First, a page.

The subject of affirmative action in college admissions has been hotly debated since its inception. Although affirmative action was originally supported by the vast majority, that same majority is now starting to wonder if there is a better way. Commonly asked questions include: “Is affirmative action still working?” and “Is there an alternative?” The answers to each of these questions will provide insurmountable evidence that affirmative action in college admissions no longer fulfills its intended purpose and that the only viable alternative is to focus more attention on primary schooling for the underprivileged. The most common question that arises in contemporary debates over affirmative action is, “Does affirmative action still work as intended?” The original purpose of affirmative action in college admissions was to eliminate racial bias in the applicant selection process and provide a helping hand to disadvantaged minority students. Has this happened?
Affirmative Action Few social policy issues have served as a better gauge of racial and ethnic divisions among the American people than affirmative action. Affirmative action is a term referring to laws and social policies intended to alleviate discrimination that limits opportunities for a variety of groups in various social institutions. Supporters and opponents of affirmative action are passionate about their beliefs, and attack the opposing viewpoints relentlessly. Advocates believe it overcomes discrimination, gives qualified minorities a chance to compete on equal footing with whites, and provides them with the same opportunities. Opponents charge that affirmative action places unskilled minorities in positions they are not qualified for and violates the Fourteenth Amendment.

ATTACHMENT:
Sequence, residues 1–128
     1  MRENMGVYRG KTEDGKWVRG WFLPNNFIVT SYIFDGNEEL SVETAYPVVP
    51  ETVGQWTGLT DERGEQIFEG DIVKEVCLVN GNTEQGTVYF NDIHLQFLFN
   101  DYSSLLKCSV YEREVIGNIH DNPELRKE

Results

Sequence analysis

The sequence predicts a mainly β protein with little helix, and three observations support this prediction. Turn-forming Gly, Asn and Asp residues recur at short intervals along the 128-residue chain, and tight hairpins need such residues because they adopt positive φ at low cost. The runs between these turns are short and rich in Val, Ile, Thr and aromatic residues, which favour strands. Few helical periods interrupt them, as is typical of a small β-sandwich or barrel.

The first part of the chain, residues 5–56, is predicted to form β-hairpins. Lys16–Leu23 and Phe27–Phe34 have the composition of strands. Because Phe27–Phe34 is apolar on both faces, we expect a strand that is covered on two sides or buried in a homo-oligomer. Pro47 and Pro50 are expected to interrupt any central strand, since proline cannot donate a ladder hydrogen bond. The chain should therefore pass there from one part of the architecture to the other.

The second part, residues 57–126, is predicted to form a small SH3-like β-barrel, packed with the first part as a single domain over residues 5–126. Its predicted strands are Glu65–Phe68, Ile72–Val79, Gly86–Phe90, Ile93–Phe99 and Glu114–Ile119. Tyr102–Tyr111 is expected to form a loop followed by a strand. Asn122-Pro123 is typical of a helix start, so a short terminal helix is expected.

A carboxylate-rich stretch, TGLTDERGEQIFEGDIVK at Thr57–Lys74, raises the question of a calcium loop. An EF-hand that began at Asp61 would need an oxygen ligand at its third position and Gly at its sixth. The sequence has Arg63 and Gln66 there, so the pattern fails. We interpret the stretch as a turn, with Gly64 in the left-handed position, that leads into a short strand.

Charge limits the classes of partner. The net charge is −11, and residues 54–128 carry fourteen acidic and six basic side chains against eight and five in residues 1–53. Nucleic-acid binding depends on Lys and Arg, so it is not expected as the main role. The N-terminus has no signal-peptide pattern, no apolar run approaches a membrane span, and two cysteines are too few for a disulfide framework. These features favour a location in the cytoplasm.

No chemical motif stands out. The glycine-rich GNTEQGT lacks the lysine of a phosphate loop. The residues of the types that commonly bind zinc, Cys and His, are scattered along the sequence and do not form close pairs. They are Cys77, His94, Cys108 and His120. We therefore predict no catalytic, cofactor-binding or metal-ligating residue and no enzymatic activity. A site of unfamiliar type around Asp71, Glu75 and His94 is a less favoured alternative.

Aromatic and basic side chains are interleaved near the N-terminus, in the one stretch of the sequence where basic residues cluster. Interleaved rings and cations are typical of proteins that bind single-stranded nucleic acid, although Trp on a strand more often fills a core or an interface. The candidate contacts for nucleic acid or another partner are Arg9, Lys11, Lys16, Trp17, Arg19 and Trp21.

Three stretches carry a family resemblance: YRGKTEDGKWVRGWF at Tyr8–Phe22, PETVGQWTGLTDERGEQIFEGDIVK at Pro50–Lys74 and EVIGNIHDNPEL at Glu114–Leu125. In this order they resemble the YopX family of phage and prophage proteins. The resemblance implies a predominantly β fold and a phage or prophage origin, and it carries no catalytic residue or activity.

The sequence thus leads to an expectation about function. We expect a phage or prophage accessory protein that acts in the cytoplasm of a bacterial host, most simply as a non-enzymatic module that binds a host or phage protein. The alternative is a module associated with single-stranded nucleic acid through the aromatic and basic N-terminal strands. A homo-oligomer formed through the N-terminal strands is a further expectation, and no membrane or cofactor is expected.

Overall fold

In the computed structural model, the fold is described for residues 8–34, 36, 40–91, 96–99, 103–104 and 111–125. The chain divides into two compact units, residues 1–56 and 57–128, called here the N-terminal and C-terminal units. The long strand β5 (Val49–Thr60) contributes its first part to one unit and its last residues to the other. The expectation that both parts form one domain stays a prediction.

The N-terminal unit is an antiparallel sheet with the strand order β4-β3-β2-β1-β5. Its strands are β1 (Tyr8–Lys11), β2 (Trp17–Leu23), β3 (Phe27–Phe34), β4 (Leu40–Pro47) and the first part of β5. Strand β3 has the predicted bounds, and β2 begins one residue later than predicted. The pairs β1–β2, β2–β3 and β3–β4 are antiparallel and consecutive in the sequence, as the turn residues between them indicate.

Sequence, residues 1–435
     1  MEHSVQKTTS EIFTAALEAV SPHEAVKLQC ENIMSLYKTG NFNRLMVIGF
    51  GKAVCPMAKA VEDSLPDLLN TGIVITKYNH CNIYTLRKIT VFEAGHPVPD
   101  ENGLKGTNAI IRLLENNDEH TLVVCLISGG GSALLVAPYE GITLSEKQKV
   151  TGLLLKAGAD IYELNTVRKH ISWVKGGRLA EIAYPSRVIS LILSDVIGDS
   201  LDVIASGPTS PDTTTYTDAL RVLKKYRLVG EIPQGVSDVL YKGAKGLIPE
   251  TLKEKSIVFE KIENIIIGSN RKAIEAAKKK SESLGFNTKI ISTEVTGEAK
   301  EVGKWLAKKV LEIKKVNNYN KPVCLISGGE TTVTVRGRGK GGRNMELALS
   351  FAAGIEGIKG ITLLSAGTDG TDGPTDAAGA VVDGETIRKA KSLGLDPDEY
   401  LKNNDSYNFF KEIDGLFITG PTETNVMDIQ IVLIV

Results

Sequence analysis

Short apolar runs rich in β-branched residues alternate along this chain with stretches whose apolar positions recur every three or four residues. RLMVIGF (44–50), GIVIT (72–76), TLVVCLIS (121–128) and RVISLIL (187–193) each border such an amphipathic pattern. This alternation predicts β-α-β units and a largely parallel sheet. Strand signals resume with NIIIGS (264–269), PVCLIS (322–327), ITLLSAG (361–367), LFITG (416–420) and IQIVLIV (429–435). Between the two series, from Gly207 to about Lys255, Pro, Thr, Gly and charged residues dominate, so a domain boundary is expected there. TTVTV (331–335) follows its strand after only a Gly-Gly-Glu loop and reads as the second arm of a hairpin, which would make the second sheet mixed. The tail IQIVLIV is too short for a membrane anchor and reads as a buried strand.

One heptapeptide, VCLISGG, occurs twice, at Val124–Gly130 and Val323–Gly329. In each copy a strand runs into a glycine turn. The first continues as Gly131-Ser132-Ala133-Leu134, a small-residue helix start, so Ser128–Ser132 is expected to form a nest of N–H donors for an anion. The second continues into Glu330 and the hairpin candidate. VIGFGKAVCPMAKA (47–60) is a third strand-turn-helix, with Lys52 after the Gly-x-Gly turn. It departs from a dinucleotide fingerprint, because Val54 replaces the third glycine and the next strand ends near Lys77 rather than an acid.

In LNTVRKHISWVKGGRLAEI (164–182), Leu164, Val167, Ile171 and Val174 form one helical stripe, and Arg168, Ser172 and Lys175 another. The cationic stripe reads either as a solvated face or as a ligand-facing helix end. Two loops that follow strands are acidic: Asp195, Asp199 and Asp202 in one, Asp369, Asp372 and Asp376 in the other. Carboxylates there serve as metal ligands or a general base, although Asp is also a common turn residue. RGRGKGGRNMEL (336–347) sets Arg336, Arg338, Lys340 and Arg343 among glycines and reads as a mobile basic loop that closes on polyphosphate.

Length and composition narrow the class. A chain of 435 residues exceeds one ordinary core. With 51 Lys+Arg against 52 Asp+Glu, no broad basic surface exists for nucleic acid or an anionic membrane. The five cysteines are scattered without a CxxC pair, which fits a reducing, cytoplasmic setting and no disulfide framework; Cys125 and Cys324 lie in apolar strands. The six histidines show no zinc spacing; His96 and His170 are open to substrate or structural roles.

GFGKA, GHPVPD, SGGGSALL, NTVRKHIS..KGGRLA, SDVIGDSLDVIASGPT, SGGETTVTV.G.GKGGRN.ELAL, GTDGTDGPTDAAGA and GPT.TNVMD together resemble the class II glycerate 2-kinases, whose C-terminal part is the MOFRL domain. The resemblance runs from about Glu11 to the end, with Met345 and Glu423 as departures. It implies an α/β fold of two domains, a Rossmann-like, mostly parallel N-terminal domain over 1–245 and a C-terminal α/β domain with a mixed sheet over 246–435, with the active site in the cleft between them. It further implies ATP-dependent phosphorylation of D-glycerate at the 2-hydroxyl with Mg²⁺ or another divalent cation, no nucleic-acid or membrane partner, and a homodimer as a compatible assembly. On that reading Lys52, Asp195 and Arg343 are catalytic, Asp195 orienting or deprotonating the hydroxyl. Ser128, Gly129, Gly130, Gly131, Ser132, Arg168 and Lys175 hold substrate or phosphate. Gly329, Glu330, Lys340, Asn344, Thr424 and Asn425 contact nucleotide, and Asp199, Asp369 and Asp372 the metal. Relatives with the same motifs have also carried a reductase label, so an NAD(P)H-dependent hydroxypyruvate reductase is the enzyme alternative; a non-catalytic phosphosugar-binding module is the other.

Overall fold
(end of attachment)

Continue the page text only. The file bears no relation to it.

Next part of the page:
The question many colleges are facing now is whether race should be considered in college admissions. Is affirmative action necessary anymore and is it fair to all students? What is its long-term impact on American and world society? Liberals say, “Yes affirmative action is a fair path and a path that still needs to be taken if our society is going to move forward.” Conservatives argue that affirmative action is reverse discrimination against white students and that widespread use of affirmative action in colleges is creating an un-level playing field. The liberal’s logical argument is based on the assumption that race is already an issue in college admissions and that historically there has been a lack of opportunity for minorities, especially African Americans.
Two hundred years ago in America, being born of a certain race or gender predetermined one’s opportunities in life. African Americans were subjected to slavery and discrimination and women had very little liberty. In the present, the United States is much closer to equality, yet gender and race still play a role in life’s opportunities given the high frequency of affirmative action programs; they attempt to increase the representation of minorities on college campuses and in the office, regardless of virtue. Programs of affirmative action arouse controversy because some groups view affirmative action as a catalyst for reverse discrimination whilst other groups support affirmative action as a way to diversify society and compensate for past exclusions. Affirmative action describes the “positive steps taken to increase the representation of women and minorities in areas of employment, education, and business from which they have been historically excluded” (Fullinwinder).